In September, more than two dozen Bethel students, alumni and other professional artists from the community gathered for the Center for Career Development and Global Engagement’s latest Instagram Takeover. During the Takeover, students explored Chicago, where they photographed Green Street Smoked Meats, the Robey Hotel and Low Res, a community-building creative arts studio. Representatives from each location shared their stories and advice with the group.
For Mathew Stackowicz, the Director of the Office of Career Development, the trip’s practicality is vital. “Standing behind a professional photographer, watching their shot and then stepping into their place to practice it. You never get that in a photography class,” says Stackowicz. “….This is essential knowledge that you only get on the field.”
There is more to the Takeovers than education, though. Senior Miranda Terry, a student worker for the Office of Career Development, highlighted the community she’s found through Bethel’s Takeovers. “These trips have opened my eyes to other creatives on campus,” says Terry. “I’ve made relationships with people in many different majors.”
The diversity among the students who attend each trip is significant. Saturday’s expedition included students from Biology, Sports Management, English, Worship Arts, and Pre-Med majors.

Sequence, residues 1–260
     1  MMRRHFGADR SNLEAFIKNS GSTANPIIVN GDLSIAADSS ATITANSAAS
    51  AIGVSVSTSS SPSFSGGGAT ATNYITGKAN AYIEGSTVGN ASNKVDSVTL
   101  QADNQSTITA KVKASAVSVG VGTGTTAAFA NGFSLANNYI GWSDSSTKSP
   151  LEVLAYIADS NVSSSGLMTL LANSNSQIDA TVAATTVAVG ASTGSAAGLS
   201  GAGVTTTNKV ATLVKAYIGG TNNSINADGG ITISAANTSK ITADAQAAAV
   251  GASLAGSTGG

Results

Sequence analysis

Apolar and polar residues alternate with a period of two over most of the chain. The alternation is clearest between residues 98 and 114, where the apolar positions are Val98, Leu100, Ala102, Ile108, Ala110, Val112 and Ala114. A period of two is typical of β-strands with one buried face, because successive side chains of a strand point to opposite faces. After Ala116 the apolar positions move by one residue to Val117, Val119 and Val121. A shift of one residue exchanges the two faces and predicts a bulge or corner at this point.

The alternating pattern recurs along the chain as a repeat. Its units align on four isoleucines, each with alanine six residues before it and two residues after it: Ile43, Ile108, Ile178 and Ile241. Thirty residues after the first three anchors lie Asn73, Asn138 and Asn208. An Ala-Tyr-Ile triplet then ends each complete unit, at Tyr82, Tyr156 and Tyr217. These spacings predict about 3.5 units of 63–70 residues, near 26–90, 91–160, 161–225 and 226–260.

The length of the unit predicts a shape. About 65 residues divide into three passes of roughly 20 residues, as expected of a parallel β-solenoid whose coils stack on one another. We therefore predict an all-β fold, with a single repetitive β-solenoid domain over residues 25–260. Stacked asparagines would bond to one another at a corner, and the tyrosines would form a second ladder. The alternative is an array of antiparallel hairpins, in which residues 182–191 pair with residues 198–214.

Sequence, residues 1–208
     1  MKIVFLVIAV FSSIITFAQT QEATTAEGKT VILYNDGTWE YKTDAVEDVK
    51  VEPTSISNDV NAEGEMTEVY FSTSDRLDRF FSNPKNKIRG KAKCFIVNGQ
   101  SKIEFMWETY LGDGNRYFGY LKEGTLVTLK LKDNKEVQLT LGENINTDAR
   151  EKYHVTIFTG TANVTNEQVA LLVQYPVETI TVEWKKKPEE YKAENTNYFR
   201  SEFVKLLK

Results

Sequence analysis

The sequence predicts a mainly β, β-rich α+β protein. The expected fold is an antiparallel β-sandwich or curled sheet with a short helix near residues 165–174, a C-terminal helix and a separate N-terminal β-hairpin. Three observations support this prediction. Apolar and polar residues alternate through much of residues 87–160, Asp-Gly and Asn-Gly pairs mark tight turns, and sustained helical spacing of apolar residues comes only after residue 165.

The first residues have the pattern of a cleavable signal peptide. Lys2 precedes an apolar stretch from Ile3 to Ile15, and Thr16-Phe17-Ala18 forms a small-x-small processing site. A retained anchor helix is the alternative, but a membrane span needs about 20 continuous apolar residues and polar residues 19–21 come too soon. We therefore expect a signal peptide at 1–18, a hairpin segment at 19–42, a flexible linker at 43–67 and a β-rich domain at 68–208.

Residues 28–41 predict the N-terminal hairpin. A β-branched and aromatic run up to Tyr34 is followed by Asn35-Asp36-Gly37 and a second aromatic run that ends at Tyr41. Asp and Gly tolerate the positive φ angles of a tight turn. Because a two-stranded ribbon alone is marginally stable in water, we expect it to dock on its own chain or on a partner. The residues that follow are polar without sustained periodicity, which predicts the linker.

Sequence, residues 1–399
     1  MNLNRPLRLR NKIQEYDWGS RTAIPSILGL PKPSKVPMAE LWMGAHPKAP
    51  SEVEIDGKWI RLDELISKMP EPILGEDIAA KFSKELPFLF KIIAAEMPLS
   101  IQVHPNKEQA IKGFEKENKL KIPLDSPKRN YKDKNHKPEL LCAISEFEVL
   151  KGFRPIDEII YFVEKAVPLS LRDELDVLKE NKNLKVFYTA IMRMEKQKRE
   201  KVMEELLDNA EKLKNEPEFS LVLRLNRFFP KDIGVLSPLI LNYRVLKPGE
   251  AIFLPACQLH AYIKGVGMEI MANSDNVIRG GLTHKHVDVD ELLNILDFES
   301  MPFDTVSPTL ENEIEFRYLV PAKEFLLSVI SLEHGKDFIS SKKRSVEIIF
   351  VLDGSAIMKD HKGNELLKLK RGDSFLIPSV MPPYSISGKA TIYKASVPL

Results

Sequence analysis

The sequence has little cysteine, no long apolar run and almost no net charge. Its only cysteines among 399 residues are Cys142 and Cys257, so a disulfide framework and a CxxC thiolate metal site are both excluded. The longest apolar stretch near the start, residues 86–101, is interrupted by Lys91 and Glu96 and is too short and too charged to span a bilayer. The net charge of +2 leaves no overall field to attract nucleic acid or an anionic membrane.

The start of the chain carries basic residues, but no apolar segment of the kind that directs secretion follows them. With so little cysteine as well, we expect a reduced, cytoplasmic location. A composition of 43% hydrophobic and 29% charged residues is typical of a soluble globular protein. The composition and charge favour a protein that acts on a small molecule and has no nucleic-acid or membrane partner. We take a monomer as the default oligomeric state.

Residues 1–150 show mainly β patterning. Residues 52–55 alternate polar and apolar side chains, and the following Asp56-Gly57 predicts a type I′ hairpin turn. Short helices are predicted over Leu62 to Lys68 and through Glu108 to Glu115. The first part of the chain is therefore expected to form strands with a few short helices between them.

There are millions of ways for students to connect and learn from each other, so why Instagram Takeovers? To Stackowicz, they are the perfect way for students to spread Bethel’s name to businesses and young people. But beyond that, they give students tools they can use to tell meaningful stories through platforms their generation connects with. This, Stackowicz says, is a concept he hopes more Christian colleges grab on to.
“We need to be the best storytellers,” says Stackowicz. “We could inspire a nation, but if you have a great story with bad visual content or a tacky video, the message is lost.”